MGMA recently surveyed 1,399 medical directors in 266 medical organizations to compile benchmark information reflective of compensation drivers for physician directorship activities. The resulting report, “Medical Directorship and On-Call Compensation Survey: 2012 Report Based on 2011 Data,” reveals that in many healthcare organizations physicians play an administrative role that is increasingly complex and changing in scope.
According to the report, stipend amounts for nonclinical effort continue to evolve as a component of many physicians’ total compensation plans. A directorship’s scope of responsibilities and duties impacts stipend amounts.
The report notes that primary care directorships responsible for community relations or strategic development received a higher median annualized stipend ($25,000) than their peers who were responsible for other directorship duties. Surgical specialty directors responsible for documentation and care planning, monitoring quality and appropriateness of medical care, or physician relations and/or representation reported an annualized stipend of $36,000. Nonsurgical subspecialists with provider of last resort/call availability or regulation, licensure and credentialing responsibilities earned a higher median annualized stipend ($44,586) than their peers with other duties.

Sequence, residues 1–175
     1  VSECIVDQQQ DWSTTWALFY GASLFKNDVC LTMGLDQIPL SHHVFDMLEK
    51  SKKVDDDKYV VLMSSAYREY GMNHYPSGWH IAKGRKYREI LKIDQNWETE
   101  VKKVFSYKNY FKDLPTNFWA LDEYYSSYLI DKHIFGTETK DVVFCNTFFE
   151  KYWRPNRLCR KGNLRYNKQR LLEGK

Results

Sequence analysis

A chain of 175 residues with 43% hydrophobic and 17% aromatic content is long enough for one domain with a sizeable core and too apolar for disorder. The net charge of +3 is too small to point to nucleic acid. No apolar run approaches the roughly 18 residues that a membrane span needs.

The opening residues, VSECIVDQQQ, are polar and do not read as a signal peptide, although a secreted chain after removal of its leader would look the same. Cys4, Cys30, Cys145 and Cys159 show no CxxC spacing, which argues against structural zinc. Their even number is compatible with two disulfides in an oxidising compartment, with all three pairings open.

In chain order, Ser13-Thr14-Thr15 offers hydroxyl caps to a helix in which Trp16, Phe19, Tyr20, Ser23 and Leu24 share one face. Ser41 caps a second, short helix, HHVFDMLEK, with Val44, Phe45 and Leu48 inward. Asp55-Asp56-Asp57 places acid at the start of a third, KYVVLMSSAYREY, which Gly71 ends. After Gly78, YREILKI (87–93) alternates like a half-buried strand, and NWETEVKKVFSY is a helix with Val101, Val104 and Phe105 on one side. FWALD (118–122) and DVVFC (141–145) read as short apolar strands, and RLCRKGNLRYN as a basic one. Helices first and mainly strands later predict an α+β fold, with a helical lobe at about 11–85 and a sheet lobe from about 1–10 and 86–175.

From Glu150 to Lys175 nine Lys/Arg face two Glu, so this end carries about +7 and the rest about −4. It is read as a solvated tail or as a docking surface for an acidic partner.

In addition, time spent on directorship activities varies greatly. The majority of survey respondents said their duties were only a component of total work time. Almost 50 percent indicated they spent fewer than six hours per week on directorship activities. As such, benchmark data reflect stipend amounts for non-clinical effort. Over time, MGMA-ACMPE staff expects the growth of the survey to allow for the depiction of compensation benchmarks for medical directors working in a predominately nonclinical capacity.
As the healthcare reimbursement paradigm changes, quality measures will become increasingly important. In light of this, the survey began asking this year’s participants to report total annualized stipend amounts by quality metrics tied to their directorships. Those in pulmonary medicine indicated an 80 percent difference in annualized stipend based on whether quality metrics were tied to their duties.
“It appears that reimbursement for medical practices will be more closely tied to quality metrics in the future, so the medical director’s most important duty will likely be that of the 'quality monitor,'” explained Jeffrey W. Smith, CPA, CGMA, MBA, CMPE, CEO, Pottstown (Pa.) Medical Specialists Inc. “As practices enhance the way they gather data through their electronic health records and practice management systems, the medical director, along with practice administrators, can review data tied to their quality metrics and be instrumental in monitoring the practice’s efforts, which could ultimately improve care and reduce costs.”
New to this year’s report are demographic tables of medical director performance bonuses and contract information.